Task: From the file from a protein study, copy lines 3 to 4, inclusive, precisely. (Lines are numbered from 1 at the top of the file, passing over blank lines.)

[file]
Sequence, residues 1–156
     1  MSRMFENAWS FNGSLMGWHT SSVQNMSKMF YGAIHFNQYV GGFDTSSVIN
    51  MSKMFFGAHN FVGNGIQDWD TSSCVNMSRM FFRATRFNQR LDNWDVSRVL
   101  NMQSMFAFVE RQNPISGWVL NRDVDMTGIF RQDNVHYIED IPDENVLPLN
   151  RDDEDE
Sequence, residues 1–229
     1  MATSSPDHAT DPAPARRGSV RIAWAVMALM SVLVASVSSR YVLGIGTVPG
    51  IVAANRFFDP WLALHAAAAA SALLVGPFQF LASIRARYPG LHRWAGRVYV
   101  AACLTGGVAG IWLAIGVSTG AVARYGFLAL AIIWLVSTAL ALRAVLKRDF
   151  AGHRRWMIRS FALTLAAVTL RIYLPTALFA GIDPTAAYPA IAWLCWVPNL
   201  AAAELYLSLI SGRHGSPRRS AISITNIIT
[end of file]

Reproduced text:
    51  MSKMFFGAHN FVGNGIQDWD TSSCVNMSRM FFRATRFNQR LDNWDVSRVL
   101  NMQSMFAFVE RQNPISGWVL NRDVDMTGIF RQDNVHYIED IPDENVLPLN